For the first time in over 50 years, there will not be a Kennedy in Congress come November.

Here is his announcement:


Rhode Island Democratic Rep. Patrick Kennedy will retire after eight terms in office, bringing an end to his House career just months after his father, legendary Massachusetts Sen. Ted Kennedy, passed away.

Kennedy has easily held Rhode Island’s 1st district since 1994 despite the occasional attempt by Republicans to knock him off.

Patrick Kennedy’s retirement means that for the first time in nearly five decades there will not be a member of the Kennedy family in Congress. His father, who served Massachusetts in the Senate for more than four decades, died on August 25.

Kennedy’s seat, which includes the northeastern reaches of the state, is strongly Democratic. President Barack Obama won the seat by 32 points in 2008 while Sen. John Kerry (Mass.) carried it by 26 points in 2004.

Among the Democrats mentioned as possible Kennedy replacements include: Providence Mayor David Cicilline, Lt. Gov. Elizabeth Roberts and state party chairman Bill Lynch.

State Rep. John Loughlin was already in the race on the Republican side.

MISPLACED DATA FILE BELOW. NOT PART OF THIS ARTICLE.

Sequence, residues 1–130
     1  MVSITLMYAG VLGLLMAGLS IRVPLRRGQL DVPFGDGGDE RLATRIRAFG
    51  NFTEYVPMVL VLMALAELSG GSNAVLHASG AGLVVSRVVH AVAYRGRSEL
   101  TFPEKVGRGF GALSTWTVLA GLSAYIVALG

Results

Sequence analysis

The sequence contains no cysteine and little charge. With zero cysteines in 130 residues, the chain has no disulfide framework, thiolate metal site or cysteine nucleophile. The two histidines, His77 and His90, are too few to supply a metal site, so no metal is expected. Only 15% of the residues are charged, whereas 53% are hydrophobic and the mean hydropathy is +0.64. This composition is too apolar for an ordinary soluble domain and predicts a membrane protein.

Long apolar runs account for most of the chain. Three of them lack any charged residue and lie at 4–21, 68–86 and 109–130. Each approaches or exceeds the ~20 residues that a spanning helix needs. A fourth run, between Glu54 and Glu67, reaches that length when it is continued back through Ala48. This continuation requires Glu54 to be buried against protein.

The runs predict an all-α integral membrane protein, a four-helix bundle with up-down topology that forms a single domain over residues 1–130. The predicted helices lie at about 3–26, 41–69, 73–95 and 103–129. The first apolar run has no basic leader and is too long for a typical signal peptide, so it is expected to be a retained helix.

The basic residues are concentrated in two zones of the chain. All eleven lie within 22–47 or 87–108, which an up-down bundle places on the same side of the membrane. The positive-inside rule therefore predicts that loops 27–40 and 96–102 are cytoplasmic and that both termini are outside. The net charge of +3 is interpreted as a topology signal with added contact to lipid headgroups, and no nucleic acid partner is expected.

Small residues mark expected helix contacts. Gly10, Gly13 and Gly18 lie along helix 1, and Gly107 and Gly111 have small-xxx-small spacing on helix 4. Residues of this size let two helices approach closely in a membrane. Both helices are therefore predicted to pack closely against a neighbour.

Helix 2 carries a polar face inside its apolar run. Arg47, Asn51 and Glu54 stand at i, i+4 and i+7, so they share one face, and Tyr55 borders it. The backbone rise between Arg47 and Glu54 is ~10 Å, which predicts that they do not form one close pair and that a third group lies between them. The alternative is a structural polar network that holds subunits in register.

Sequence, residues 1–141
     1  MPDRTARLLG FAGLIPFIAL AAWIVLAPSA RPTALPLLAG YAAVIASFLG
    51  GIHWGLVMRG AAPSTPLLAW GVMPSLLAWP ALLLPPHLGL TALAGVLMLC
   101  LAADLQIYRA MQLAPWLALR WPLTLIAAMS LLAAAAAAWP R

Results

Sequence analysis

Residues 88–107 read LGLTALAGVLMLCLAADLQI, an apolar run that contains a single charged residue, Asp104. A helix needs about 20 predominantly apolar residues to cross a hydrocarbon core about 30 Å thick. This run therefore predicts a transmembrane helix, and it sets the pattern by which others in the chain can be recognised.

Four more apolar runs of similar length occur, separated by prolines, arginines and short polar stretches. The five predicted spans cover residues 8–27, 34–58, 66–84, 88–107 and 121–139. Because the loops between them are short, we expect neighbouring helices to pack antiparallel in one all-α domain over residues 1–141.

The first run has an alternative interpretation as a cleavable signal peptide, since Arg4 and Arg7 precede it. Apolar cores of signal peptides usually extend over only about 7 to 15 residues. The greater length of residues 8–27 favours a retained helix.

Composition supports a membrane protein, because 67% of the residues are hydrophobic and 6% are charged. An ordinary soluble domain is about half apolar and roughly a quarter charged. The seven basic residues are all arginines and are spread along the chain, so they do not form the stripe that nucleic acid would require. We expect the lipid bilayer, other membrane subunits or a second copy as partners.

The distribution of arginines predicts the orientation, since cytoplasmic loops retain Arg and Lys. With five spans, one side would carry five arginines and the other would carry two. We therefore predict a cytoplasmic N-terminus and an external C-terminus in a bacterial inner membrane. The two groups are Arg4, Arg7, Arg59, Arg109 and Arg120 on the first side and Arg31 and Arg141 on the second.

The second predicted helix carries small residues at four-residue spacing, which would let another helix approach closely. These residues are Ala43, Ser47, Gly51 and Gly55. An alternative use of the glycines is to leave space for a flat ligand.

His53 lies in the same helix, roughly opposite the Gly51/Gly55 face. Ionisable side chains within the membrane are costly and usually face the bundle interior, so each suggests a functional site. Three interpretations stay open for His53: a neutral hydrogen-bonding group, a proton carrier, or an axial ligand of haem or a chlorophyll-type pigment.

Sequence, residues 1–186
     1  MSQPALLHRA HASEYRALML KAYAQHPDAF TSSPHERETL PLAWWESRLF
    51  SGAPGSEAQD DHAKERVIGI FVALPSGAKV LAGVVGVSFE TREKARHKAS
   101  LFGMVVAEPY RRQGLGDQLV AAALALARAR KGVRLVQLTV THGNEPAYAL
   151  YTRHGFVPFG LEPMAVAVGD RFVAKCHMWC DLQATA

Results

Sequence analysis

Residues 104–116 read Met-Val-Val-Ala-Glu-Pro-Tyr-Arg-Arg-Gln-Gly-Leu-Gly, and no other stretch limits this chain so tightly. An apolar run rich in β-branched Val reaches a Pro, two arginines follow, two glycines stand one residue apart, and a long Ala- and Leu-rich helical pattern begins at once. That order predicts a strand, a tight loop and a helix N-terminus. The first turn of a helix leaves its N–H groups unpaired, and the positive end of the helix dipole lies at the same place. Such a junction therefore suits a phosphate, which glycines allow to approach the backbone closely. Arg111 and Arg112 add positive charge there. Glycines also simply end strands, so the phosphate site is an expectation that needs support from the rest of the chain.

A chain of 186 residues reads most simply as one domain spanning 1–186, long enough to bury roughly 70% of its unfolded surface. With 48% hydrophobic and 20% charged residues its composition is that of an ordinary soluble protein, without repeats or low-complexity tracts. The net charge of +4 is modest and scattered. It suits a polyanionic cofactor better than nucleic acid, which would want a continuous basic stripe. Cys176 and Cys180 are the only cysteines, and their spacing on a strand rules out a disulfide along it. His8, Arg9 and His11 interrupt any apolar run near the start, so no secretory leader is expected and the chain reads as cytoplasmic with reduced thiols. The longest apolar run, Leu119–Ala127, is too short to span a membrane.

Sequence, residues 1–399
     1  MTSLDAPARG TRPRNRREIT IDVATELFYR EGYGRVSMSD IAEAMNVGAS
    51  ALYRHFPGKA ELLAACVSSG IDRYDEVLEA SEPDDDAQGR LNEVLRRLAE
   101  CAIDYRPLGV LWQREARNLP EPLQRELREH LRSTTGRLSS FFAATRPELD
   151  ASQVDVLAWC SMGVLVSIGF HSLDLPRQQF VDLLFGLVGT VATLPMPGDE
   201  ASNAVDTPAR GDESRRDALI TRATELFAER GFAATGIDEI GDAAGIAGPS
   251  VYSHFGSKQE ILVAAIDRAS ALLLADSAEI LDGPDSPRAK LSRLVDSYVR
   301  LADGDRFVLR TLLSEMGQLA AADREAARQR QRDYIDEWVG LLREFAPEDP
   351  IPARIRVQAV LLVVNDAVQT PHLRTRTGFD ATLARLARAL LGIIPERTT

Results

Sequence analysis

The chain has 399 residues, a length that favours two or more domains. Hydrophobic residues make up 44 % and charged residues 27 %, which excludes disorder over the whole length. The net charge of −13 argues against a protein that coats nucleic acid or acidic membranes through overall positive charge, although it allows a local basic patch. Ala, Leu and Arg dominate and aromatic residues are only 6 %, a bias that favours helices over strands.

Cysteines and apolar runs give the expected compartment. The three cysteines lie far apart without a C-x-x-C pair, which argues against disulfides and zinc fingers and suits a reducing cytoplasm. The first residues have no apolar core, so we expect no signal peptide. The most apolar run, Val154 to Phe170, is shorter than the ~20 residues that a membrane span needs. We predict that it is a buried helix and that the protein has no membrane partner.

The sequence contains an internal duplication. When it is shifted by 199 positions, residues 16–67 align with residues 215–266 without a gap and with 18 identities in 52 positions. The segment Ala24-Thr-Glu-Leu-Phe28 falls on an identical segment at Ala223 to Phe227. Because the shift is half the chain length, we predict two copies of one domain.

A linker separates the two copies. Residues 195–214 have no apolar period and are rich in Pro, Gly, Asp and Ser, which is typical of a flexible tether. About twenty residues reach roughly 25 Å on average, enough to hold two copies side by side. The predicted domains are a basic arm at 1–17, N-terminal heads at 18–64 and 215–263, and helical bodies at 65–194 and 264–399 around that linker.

This is a blow to the LGBT community:


First elected to the U.S. House in 1994, Kennedy has been a steadfast supporter of the LGBT community. In 1996, he was among 67 House members to vote against the Defense of Marriage Act. He also voted against the Federal Marriage Amendment in 2004 and 2006.

Kennedy has co-sponsored hate crimes protections bills since at least 2001, and voted in favor of passing the legislation in 2007 and 2009. Kennedy has also co-sponsored versions of the Employment Non-Discrimination Act since his first year in Congress and voted for the bill in 2007.

The lawmaker has co-sponsored numerous other pro-LGBT bills, including the Uniting American Families Act and the Domestic Partnership Benefits & Obligations Act as well as legislation that would repeal DOMA and “Don’t Ask, Don’t Tell.”

A supporter of same-sex marriage, Kennedy voiced his support for marriage rights for same-sex couples in a statement when he announced in 2008 he would be a founding member of the LGBT Equality Caucus.


“Discrimination against any individual because of their sexual orientation or gender identity is simply unacceptable,” he said at the time.

“That’s why I’m so proud to be a founding member of this caucus. The LGBT Equality Caucus will provide a crucial platform in our fight for comprehensive hate crimes legislation, marriage equality and an end to workplace discrimination. At this point in history, we have a unique opportunity to advance the cause of equality.”

Louise1

Louise1

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